`I was never allowed to skip riyaaz'

He is a man of few words but master of one of the most expressive instruments. In the hands of T.N. Krishnan, the bow becomes a magic wand and the violin gets a voice. He was just six when he made his concert debut. After accompanying stalwarts such as Ariyakudi Ramanuja Iyengar, Musiri Subramania Iyer and Chembai Vaidyanatha Bhagavathar in the initial years of his career, he has come to occupy centre stage and created a space of his own in the world of music. Despite the demands of the changing times, this vidwan refuses to resort to gimmickry and remains a stickler for tradition.

Begum Parveen Sultana is a child prodigy, whose music and looks have retained their youthful charm. Though she hails from an orthodox Muslim family from Assam, her music loving father encouraged her to pursue the art. Chinmoy Lahiri of Calcutta was her first guru. He introduced Parveen to Ustad Dilshad Khan, who besides being her guru, became her life partner. With rigorous training and determination, she rose to be a celebrated Hindustani vocalist. When the two artistes met for a Take Two at the Residency Towers, it was music, music and more music.

Chitra Swaminathan listened in.

Parveen: Sir, it's truly an honour to do this interview with you.

Krishnan: My pleasure too, because you are a remarkable singer. Remember, 25 years ago after a concert, a few musicians, including you and I, went to eat at Woodlands?

Parveen: Who can forget those days? I used to come almost every month to Madras for a concert. This city was like a second home to me... so many great artistes and wonderful rasikas. Now when I come here I miss all that.

Krishnan: But some of the youngsters are doing a good job. They do not stop with learning or appreciating. Unlike in our times, they don't shy away from asking questions, do not follow things blindly and are forthright about their views.

Parveen: I do agree. I never fault youngsters or discourage them. After all they are our future. My 18-year-old daughter is learning both Hindustani and Western classical. But as far as I am concerned, I cannot compromise on my music. Innovation, experimenting, fusion... fashionable terms in the field of arts today, but they don't appeal to me. Most fusion pieces today are noisy and done un-aesthetically. It calls for a good understanding of all genres and styles. For instance, Ravi Shankar and Yehudi Menuhin; Palghat Mani Iyer and Allah Rakha. Fusion is not just about picking up from here and there and putting it together. That is confusion.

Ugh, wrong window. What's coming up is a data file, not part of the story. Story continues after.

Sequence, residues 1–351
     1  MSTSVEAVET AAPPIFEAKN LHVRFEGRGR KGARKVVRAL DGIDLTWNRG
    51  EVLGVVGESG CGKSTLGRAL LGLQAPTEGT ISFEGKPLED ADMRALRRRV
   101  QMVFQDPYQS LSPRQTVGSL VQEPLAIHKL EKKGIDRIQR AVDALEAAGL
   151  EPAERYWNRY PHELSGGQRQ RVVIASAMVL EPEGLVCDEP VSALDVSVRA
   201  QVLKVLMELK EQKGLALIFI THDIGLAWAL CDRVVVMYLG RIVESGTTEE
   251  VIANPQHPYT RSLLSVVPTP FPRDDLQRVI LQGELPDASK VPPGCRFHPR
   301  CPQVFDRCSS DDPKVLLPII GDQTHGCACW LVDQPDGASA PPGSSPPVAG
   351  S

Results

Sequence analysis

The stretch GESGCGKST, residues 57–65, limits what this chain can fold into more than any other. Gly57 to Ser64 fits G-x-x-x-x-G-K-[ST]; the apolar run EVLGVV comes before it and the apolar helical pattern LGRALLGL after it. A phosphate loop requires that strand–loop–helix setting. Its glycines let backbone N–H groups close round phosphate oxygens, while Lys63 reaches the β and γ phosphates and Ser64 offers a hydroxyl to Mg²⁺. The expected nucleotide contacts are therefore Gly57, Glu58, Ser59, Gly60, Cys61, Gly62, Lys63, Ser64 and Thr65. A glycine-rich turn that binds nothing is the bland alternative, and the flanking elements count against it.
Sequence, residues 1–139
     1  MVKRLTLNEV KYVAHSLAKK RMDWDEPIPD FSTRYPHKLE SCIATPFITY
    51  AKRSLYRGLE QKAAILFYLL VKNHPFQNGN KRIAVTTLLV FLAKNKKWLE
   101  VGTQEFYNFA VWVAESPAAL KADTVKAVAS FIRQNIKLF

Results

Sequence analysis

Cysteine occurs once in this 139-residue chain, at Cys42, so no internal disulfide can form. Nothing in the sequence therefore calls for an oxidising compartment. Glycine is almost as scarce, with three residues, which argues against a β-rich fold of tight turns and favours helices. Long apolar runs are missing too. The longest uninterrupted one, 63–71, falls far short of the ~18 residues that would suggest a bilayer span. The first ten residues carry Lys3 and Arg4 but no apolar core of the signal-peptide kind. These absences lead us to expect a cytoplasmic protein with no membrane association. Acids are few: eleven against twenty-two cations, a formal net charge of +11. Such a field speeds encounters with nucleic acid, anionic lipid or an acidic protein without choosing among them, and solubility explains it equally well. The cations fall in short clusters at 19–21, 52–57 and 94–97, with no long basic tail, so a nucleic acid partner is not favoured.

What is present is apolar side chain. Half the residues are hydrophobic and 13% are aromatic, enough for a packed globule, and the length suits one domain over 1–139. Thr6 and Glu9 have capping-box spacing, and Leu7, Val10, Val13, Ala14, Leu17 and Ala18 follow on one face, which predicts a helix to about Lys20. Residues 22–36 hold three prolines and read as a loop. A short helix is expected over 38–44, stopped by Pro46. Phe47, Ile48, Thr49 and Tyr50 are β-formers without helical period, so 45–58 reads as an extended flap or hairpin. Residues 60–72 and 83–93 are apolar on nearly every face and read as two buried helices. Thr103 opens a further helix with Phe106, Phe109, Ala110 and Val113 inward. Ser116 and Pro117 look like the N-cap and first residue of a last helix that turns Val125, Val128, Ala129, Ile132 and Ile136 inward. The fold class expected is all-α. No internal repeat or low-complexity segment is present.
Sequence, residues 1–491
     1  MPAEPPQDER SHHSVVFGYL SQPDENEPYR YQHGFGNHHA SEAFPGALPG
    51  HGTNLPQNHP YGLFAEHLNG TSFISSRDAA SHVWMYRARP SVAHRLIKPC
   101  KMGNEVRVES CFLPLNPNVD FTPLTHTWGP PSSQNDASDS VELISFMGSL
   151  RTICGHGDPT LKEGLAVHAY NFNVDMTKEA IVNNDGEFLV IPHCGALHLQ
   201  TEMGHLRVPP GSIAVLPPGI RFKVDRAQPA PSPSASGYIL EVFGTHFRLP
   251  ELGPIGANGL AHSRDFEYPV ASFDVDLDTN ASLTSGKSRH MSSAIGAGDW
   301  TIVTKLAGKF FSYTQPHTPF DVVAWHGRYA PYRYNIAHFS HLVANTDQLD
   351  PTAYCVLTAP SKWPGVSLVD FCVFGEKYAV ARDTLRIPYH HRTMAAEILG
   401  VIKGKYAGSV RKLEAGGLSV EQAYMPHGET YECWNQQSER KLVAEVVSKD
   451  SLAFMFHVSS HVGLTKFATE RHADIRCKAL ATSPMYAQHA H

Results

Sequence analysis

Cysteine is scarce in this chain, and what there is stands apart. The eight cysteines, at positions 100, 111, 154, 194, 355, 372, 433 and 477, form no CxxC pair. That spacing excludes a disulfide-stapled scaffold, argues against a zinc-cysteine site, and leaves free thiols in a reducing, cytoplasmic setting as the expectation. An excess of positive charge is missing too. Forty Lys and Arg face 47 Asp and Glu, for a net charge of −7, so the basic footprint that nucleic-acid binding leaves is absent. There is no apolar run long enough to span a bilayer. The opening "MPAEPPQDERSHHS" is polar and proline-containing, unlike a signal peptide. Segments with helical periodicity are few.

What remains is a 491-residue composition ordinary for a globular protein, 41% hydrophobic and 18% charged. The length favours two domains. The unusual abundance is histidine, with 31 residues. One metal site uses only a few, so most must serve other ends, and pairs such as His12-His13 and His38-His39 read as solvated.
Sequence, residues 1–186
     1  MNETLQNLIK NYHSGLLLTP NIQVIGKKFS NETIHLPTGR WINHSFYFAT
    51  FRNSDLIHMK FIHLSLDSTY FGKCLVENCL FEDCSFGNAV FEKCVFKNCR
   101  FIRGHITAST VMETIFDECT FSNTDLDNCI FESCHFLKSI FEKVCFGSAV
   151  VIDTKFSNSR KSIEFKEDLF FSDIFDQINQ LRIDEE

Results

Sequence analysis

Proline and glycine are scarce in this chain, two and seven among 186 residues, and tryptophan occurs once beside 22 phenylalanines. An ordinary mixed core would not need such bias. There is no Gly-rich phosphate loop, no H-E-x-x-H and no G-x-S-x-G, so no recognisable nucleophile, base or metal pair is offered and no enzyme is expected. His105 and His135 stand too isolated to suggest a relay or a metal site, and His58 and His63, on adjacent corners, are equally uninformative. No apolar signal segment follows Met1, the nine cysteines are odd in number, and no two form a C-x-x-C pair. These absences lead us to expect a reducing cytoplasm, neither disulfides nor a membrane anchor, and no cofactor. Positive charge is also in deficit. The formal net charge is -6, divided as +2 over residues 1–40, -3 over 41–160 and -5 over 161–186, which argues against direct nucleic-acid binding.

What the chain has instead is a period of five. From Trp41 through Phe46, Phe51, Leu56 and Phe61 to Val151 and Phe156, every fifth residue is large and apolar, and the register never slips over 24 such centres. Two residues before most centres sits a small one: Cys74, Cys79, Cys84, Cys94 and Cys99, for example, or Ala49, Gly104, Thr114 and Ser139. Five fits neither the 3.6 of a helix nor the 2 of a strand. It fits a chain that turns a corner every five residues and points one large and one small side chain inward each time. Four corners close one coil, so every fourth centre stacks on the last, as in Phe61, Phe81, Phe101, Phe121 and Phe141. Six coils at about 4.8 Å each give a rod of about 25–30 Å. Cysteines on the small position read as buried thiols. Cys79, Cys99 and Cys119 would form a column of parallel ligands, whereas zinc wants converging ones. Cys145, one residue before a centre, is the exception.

Krishnan: Yes, like you said these pieces should be organised and composed meticulously, for a divine effect. Personally, I have never felt the need to go beyond the classical parameters. Wherever I perform, it is only Carnatic music. Our tradition is so vast that even at this stage I feel there is much to learn. My aim is to make listeners experience peace and enjoy some relaxed moments.

Parveen: For that we need just pure soul, pure swar and taal. Isn't it?

Krishnan: True. And sadhana is the only way to discipline mind and music. No short cuts, easy diversions or over-taking, the route to success here is long-winding and arduous.

Parveen: My gurus would not let me skip riyaaz even in sickness. Now each day I thank them for making me do it. Only practice can give you the sustaining power and keep your energy level high.

Krishnan: But one should practise in the right way, or else it could prove detrimental. Choosing a guru is equally important. People generally go by names, and not vidwat.

Parveen: You should be fortunate to get a good guru and the gurus also should be lucky to get sincere sishyas. Teaching is an art by itself, and a difficult one at that. You should have in-depth knowledge, the right temperament and perseverance. I may be a good singer and performer, but need not be a great teacher.

Krishnan: For the past 35 years, I have also been teaching so I know it quite well. You should teach not only the nuances of the art but also presentation. Audience response depends on the way you showcase your talent.

Parveen: Pahle darshan dhari phir gunbichari. Appearance counts first, qualities come next. Right, sir?